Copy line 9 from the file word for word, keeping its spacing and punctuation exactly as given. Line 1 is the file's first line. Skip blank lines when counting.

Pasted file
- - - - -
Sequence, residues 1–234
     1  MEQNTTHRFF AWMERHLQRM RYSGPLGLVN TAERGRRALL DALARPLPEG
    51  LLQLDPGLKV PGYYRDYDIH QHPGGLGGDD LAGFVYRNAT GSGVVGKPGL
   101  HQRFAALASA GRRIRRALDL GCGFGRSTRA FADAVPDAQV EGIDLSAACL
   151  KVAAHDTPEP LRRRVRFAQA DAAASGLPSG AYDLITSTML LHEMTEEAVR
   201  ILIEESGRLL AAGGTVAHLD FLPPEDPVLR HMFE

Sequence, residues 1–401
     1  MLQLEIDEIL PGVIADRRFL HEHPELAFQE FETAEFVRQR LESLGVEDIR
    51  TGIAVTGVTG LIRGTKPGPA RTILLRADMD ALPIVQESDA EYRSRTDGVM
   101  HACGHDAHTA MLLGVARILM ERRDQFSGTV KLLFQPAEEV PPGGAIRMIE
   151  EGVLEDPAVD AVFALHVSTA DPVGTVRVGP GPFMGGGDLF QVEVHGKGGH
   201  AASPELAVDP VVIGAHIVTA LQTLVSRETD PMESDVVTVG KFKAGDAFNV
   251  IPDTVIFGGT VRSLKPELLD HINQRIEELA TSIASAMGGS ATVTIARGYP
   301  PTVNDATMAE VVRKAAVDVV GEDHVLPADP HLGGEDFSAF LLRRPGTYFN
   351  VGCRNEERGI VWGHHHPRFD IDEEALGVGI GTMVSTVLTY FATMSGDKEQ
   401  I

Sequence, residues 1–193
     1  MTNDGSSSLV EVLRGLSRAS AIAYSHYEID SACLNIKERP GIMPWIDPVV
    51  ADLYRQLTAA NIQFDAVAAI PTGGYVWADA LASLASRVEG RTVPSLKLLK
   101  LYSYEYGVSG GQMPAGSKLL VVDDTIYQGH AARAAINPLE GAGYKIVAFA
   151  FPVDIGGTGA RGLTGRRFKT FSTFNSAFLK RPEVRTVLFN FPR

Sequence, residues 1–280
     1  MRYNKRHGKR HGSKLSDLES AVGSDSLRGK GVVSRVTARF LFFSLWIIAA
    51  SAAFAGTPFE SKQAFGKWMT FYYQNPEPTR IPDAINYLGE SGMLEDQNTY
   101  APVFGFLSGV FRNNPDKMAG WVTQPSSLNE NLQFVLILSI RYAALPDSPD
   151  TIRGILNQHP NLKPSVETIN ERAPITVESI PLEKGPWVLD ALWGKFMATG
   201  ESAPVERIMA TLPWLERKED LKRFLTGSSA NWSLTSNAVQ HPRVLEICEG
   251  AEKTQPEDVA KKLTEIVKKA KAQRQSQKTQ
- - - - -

    51  TGIAVTGVTG LIRGTKPGPA RTILLRADMD ALPIVQESDA EYRSRTDGVM